Image: Lee Bul
Lee Bul, Untitled (Cravings White), 1988. © Lee Bul. Photo: © Tate Photography
Artists' News

Lee Bul On display at Tate Modern

6 October 2022
Tate Modern | Room 3

In 1988, Lee created a series of sponge-stuffed fabric costumes, which she used in some of her earliest performances. Their tentacle-like forms deconstruct society’s expectations of ‘well-behaved’ bodies. In Untitled (Cravings White) they also give physical form to the desires or ‘cravings’ that many keep private.

Untitled (Cravings White) is a reconstruction of the costume Lee wore during a performance held at the National Museum of Contemporary Art, Seoul, South Korea in 1989. Titled Cravings, it included three other performers. They moved around the museum lobby wearing Lee’s white, red and black soft sculptures. Microphones hidden inside the costumes amplified the sound of the performers’ movements. Documentation of Cravings is included in this display, alongside a slideshow of photographs of Sorry for suffering – You think I’m a puppy on a picnic?, a performance from 1990.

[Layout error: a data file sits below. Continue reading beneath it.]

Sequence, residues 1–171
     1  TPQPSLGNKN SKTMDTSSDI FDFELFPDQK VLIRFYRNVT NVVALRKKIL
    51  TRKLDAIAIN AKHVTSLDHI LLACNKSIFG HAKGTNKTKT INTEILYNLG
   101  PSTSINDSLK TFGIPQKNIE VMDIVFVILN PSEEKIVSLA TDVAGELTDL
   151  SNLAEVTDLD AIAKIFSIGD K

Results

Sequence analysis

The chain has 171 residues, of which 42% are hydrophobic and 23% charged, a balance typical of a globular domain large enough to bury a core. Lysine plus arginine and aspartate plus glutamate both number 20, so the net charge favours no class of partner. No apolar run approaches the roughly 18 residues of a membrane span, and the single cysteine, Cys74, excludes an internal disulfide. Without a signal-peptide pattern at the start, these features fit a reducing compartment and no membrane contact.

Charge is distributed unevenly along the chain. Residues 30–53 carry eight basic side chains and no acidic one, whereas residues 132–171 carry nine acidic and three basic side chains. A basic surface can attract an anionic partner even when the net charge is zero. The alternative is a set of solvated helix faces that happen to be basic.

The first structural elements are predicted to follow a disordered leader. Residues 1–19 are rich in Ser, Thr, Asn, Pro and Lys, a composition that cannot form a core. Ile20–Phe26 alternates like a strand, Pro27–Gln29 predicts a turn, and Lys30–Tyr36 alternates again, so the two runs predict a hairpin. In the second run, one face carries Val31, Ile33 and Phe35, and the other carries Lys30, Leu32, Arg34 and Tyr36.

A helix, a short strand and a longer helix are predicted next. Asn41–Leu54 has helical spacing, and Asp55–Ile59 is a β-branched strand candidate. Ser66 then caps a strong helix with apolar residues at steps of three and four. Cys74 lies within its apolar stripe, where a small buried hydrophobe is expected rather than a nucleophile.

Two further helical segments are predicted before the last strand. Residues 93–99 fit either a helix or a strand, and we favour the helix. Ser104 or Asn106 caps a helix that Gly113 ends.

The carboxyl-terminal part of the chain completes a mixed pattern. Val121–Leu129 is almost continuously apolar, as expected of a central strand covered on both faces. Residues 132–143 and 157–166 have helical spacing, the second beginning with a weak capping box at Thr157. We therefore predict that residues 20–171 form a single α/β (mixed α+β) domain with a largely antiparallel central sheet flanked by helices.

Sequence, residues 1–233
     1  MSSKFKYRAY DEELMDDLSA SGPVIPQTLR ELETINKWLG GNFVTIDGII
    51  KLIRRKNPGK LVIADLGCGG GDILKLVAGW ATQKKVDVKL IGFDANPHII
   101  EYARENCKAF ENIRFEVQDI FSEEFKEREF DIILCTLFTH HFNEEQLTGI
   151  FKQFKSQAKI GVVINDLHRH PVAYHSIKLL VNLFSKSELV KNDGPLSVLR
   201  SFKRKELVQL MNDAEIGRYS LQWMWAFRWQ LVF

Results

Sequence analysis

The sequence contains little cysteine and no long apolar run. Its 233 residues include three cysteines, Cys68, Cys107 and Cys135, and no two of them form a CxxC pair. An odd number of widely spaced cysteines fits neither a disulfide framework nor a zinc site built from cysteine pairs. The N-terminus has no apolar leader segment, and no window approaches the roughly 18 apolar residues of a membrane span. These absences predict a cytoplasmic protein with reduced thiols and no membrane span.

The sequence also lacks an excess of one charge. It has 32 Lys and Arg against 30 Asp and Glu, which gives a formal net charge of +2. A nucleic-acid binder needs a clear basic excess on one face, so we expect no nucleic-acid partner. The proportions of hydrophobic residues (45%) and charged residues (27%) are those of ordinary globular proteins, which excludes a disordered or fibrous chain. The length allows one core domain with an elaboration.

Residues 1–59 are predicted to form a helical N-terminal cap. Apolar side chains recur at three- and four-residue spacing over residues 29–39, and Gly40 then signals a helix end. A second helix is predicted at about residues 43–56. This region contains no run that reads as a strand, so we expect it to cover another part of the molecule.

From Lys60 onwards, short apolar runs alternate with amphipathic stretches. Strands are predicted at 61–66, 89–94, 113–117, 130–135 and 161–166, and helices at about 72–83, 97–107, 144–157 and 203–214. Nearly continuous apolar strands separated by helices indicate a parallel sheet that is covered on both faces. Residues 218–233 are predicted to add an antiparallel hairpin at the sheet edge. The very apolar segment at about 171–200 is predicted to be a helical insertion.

For Lee, artistic expression has always been a means of liberation. Growing up, she was aware of restrictions placed on her body and behaviour. Her parents were political dissidents who opposed the oppressive politics of totalitarian rule in South Korea. Lee also felt restricted by her education. While studying sculpture at university she felt pressure to produce work in line with European traditions. Her practice became a means to escape these expectations. Lee’s sculptures and performances express her desire for freedom of expression, as an artist, a South Korean citizen and a woman.

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